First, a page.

Coinciding with the Battle’s six-hundredth anniversary, the York Shakespeare Project’s production of Henry V recounts the tales of England’s warrior king. In the wake of Henry IV’s death, the young Henry V emerges from his boisterous adolescence and evolves into an ambitious monarch; triumphantly leading his troops back to England after rousing the French in the fields of Agincourt.
Director Maggie Smales should be applauded for granting Shakespeare’s epic history a local significance by setting the play in 1915, within the clamour and camaraderie of the Barnbow factory in east Leeds. As one of the largest munitions plants in Europe during WWI, parallels are immediately drawn between the fifteenth and twentieth centuries and the universal repercussions of wartime – not only for those men valiantly fighting, but the courageous women who sustained the home front. It thus seems apt for the Project to model their ensemble on the single gender tradition of the Elizabethan theatre with an all-female company. Not so much the Lord Chamberlain’s Men, as Smales quips, but “The Barnbow Lasses”.
It was this backdrop of trepidation that the audience was led across the stage, bypassing women who exchanged nervous laughter as they went about their work. The set was not overly striking: bleak and dimly lit, strewn with ladders and empty cartridges, although what the scenery lacked in innovation was made up for with an array of captivating performances. A choreographed ensemble piece, depicting the troops sailing to France in an arrow formation, embodied both the vulnerability of “The Barnbow Lasses” and mettle of Henry’s troops going ‘over the top’.
Rosy Rowley is a superlative Pistol, capturing both the plucky determination and utter bewilderment experienced during war. Charlotte Wood’s minor role as Montjoy was similarly impressive, sustaining a meticulous stance as the artful French herald throughout. As the eponymous king, Clare Morley strived for a nuanced portrayal with valiant effort; alternating between inexperience and newfound maturity with Henry’s recently endowed authority. Occasionally, Morley’s character lacked command: her body language faltered and feeble hand gestures failed to match attempts at authoritative tones. Nevertheless, Morley’s characterisation was propelled by humility and never more endearingly so than during Henry’s posturing as a soldier in Act 4. Brimming with interiority, manifold soliloquies captured a crisis in Henry’s conscience. Here stands a king, countering ambitions with inbred “human conditions”: quandaries that ring true with the blame attributed to WWI officers, and arise when any man sends his comrades into battle.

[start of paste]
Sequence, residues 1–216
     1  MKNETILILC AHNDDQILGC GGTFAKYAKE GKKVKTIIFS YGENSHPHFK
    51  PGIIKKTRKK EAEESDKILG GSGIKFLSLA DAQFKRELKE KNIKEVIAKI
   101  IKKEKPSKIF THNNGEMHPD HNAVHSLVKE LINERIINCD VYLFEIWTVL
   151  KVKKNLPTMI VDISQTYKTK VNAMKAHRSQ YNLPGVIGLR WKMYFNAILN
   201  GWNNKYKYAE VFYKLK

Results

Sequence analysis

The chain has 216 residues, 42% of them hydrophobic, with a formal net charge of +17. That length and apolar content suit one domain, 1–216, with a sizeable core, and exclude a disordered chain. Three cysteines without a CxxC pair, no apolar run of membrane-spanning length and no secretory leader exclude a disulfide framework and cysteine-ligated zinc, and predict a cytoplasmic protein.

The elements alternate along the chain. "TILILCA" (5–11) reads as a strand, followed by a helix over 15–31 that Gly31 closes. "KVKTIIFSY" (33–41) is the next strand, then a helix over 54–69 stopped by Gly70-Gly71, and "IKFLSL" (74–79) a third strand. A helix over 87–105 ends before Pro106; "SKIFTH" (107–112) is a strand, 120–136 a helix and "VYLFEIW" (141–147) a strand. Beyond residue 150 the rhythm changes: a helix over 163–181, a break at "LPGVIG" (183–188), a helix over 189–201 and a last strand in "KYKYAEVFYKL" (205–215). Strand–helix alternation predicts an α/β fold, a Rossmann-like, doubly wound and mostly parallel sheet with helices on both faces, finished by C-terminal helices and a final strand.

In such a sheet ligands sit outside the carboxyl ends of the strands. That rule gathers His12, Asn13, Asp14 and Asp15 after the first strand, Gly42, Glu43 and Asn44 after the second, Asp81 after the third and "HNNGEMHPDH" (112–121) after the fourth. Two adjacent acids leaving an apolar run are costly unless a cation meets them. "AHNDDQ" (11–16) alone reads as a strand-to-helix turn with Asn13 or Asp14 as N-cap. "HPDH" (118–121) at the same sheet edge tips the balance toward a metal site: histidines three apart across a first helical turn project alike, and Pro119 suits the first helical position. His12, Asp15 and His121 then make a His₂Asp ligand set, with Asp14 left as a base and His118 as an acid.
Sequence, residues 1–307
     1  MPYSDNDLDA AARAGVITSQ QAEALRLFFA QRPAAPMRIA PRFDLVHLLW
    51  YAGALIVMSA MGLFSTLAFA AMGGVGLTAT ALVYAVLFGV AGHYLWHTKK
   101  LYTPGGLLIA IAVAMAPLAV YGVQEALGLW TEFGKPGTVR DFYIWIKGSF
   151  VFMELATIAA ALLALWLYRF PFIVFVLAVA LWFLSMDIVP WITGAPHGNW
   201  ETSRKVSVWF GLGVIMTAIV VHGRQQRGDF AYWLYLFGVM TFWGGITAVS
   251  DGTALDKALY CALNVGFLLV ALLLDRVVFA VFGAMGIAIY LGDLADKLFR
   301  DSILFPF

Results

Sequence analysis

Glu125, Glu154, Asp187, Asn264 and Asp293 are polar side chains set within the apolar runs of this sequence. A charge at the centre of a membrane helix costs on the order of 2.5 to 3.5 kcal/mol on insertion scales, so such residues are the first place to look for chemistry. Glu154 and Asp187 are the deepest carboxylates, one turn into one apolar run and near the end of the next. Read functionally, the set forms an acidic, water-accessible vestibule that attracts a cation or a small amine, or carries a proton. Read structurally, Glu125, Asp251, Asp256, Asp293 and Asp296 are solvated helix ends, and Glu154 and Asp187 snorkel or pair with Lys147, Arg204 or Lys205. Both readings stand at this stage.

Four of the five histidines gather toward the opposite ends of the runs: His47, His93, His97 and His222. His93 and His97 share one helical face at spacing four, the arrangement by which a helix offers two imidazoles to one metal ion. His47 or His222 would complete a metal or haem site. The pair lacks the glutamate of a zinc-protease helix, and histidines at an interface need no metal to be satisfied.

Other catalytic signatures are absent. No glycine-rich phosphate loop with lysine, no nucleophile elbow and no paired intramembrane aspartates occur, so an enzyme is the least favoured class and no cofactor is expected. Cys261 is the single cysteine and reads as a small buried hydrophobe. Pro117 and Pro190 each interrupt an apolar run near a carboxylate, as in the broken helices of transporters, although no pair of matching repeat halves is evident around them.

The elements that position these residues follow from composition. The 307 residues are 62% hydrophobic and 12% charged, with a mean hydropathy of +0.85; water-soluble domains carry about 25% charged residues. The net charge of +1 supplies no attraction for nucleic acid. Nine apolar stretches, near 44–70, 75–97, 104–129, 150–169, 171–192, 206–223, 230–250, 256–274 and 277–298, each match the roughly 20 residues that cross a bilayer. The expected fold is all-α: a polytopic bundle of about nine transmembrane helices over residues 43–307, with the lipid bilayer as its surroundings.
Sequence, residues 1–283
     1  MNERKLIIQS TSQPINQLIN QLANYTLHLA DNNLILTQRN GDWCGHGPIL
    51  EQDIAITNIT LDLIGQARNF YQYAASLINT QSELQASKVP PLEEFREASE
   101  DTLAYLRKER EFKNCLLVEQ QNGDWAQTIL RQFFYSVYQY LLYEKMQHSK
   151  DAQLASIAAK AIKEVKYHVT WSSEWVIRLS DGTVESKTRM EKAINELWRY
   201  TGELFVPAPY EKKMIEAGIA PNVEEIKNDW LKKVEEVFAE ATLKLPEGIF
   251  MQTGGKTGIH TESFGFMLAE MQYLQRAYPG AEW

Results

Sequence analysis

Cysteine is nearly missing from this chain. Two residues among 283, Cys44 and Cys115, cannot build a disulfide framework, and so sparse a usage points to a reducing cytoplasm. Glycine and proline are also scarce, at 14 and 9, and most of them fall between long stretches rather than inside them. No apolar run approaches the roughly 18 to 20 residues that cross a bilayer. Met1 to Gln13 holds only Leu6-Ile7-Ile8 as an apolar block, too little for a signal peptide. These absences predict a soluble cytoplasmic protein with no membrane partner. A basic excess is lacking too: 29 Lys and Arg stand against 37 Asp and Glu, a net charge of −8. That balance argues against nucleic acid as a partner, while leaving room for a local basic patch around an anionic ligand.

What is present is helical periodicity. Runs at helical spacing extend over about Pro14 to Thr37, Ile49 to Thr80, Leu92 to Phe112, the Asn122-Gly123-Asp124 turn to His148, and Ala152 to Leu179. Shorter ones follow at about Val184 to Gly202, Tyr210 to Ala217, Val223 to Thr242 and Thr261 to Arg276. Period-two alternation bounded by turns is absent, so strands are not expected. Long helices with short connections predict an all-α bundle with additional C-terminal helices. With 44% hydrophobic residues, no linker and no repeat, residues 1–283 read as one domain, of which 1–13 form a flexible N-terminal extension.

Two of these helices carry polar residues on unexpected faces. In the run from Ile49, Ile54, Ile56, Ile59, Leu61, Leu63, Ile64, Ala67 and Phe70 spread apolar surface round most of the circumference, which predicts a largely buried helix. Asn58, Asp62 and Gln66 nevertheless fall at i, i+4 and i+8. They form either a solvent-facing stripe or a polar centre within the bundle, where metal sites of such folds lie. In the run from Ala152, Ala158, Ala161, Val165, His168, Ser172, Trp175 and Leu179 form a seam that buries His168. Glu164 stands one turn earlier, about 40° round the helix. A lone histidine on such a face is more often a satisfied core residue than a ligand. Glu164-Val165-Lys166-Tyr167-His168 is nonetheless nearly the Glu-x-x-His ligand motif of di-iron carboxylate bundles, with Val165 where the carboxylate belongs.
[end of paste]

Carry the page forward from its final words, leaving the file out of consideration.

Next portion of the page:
It was this fundamental, unanswered, question of culpability that surfaced again as Montjoy reeled off Agincourt’s endless casualties. Skilfully intertwined into the roll call were the names of the thirty-five “Barnbow Lasses” who lost their lives during an explosion in 1915. As the ensemble filtered out leaving Morley centre stage, it served as a poignant reminder of how losses incurred during wartime creep into every nook and cranny of our lives. In a cyclical reworking of the opening factory scene, the play’s final moments left you questioning the “Lasses’” stoic attitude towards life and death, when such atrocious devastation continues to span not just generations, but centenaries and six-hundredth anniversaries.